Want to know who voluntarily spends hours of their day scouring the Social Security Administration's website? People who get paid to. That includes me and the four remaining members of the SSA.gov tech support team who didn't get jobs at LinkedIn or Google during the 2013 budget sequestration.
The reason I have 23 tabs in my Web browser open to the recesses of SSA.gov right now is that I drew the long straw. Yes, I landed the cushy assignment of searching for "fun facts about Social Security," while my pals and fellow Motley Fool Answers podcasters Robert Brokamp and Alison Southwick are stuck researching the boring stuff for our next episode -- subjects like when you should start taking Social Security benefits, the risks to future benefits, and Chris Christie's latest proposal for Social Security reform. I know: Snooze-o-rama, right?
So much to see and do at SSA.gov!
Someday you, too, may need to devote hours of your day (likely unpaid -- sorry) clicking around the Social Security Administration's website to do some not-so-fun things like:
- Change or correct your name on your card
- Calculate your retirement benefits in detail (or get just a rough estimate of what you might receive)
- Apply for retirement or Medicare benefits or disability benefits
- Get a record of your earnings
- Explore the Windfall Elimination Provision, whatever that is
- Check to see if Social Security will still exist when you're finally eligible to collect it
You might find the aforementioned pages helpful. I can't confirm their utility, as I only skimmed them for "fun facts" before immediately moving on.
I can tell you that "Where can I get a copy of the Death Master File?" does not contain even one Call of Duty cheat code. But the Life Expectancy Calculator is a hit at birthday parties and family reunions.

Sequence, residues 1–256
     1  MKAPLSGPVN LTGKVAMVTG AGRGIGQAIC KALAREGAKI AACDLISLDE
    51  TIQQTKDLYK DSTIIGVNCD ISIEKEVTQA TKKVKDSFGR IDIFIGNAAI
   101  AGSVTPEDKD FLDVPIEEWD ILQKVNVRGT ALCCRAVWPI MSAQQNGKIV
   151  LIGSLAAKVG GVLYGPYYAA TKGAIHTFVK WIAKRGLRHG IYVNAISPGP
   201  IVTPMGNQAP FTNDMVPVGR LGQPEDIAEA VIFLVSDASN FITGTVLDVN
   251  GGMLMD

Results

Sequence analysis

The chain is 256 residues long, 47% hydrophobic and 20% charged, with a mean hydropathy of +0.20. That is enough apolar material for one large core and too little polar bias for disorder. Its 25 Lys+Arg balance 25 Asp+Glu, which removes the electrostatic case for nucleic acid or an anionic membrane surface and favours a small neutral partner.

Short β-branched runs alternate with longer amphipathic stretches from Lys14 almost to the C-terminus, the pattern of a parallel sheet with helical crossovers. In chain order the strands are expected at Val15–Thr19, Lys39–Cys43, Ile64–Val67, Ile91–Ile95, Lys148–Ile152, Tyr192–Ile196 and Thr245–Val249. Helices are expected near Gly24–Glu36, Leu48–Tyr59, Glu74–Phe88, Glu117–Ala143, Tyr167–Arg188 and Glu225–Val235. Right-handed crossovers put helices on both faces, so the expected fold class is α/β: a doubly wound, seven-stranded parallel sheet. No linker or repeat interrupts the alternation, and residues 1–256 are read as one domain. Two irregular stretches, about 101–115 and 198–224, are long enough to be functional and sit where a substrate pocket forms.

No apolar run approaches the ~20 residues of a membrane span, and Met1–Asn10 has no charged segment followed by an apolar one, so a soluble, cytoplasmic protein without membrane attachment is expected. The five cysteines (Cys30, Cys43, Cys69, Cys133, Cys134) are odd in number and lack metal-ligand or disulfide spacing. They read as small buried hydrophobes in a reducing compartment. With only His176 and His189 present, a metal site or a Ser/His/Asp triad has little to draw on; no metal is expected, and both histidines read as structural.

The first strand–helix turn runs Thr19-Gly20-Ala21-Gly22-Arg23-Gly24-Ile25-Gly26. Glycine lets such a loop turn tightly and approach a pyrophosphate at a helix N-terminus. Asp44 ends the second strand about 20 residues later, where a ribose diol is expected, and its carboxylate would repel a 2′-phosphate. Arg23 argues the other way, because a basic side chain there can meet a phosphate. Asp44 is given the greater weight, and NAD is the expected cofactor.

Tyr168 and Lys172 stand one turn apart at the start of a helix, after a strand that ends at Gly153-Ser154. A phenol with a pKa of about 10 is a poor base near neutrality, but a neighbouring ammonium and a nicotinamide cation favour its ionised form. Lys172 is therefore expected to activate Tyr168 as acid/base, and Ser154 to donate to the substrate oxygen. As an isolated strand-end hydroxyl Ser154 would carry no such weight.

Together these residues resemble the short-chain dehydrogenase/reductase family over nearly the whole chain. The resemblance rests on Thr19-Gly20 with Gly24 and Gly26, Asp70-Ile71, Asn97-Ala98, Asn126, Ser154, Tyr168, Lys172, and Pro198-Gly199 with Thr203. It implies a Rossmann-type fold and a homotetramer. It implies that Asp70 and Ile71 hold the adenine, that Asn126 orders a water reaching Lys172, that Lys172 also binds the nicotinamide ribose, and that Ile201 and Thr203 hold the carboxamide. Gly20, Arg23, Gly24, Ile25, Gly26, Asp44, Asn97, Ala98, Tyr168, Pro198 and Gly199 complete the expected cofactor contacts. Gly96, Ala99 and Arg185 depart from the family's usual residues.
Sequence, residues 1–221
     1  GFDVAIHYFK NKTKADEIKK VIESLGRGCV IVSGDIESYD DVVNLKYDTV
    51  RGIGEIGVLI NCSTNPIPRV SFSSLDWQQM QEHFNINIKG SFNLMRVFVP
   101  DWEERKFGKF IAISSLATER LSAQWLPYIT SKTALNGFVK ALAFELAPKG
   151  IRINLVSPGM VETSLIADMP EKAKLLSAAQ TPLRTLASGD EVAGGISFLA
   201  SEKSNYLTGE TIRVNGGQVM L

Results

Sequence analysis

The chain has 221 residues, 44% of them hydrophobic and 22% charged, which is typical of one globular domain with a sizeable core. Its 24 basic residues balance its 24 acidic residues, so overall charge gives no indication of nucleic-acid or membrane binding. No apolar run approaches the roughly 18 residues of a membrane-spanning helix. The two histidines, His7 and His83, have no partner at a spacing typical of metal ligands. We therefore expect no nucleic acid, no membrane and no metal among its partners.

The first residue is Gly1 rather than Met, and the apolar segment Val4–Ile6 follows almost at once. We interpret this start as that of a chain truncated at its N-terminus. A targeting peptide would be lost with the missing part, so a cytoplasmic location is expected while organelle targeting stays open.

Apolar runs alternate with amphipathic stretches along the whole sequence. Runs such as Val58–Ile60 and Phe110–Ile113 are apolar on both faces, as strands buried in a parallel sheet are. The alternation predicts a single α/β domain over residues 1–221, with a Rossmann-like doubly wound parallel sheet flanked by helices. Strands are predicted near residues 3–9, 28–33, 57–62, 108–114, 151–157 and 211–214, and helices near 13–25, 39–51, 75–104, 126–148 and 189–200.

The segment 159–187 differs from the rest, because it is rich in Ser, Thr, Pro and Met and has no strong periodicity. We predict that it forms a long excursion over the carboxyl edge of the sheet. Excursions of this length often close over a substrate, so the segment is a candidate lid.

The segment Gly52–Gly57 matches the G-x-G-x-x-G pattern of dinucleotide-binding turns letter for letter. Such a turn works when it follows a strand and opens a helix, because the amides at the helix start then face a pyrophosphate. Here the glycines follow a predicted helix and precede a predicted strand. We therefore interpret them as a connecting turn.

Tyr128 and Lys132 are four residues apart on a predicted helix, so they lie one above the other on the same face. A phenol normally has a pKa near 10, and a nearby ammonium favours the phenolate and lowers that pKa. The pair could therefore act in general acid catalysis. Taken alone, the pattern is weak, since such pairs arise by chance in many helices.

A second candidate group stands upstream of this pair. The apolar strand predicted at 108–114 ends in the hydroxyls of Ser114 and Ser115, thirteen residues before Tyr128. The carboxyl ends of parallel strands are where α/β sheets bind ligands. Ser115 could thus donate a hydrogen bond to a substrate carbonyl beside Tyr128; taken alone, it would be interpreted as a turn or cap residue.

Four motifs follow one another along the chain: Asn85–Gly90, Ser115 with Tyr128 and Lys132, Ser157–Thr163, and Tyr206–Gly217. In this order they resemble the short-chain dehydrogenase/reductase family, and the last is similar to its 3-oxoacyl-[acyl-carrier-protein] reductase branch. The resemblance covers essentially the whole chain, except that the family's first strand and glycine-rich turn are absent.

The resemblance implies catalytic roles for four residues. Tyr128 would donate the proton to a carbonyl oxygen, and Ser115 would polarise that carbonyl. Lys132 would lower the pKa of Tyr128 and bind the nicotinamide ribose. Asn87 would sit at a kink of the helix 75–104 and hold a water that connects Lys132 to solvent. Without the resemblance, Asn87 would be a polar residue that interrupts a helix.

For the really riveting stuff, however, you have to dig a bit deeper.
Fun facts that'll make you the life of the party
As a public service (and a way to bring meaning to those hours I could have spent watching videos of baby animals learning to walk), I present nine things you might not have known about Social Security, directly from the source. Share them proudly, and you'll be the life of every cocktail party!
1. Social Security numbers were introduced in 1936to keep track of hobos
At least that's what it sounds like to me. Apparently, Uncle Sam needed a system to keep track of the earnings histories of U.S. workers (many of whom enjoyed taking free train rides to less destitute locales featured in Ken Burns documentaries) so that they could benefit from President Franklin D. Roosevelt's newly launched Social Security program.
2. If you were born before 2011, your Social Security number was generated using a system that takes 12,052 words to explain
But I'll do it in 131:
If you're over the age of four and have a Social Security number, here's how your nine-digit number came to be:
- The first three numbers reflect the zip code of the Social Security office that issued it, most likely near where you were born if your parents got you straight into the system after your birth. Like zip codes, the numbers increase from east to west across the U.S.
- The next two numbers are your "group number" (between 01 and 99 and subject to some complex and not-so-fun rules I won't go into here). They were assigned in the order in which applicants applied for a number in a particular area.